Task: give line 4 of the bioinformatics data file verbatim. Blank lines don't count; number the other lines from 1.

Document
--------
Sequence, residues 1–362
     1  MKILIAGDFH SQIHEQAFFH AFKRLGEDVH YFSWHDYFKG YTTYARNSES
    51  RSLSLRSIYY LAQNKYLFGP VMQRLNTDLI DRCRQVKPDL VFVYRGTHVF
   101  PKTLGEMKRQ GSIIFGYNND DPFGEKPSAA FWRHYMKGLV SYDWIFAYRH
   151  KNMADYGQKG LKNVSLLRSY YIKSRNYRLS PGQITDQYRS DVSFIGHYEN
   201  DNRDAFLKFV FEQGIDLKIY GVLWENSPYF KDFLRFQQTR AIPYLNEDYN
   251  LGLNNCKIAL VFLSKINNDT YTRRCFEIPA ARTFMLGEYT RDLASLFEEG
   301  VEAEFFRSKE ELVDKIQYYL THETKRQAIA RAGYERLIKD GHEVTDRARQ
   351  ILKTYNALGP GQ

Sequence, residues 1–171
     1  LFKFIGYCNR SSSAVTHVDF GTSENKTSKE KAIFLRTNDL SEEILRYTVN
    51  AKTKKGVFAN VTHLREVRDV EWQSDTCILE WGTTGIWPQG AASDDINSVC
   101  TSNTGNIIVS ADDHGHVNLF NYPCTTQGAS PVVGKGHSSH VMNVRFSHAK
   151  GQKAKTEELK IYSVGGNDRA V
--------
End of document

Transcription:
   101  PKTLGEMKRQ GSIIFGYNND DPFGEKPSAA FWRHYMKGLV SYDWIFAYRH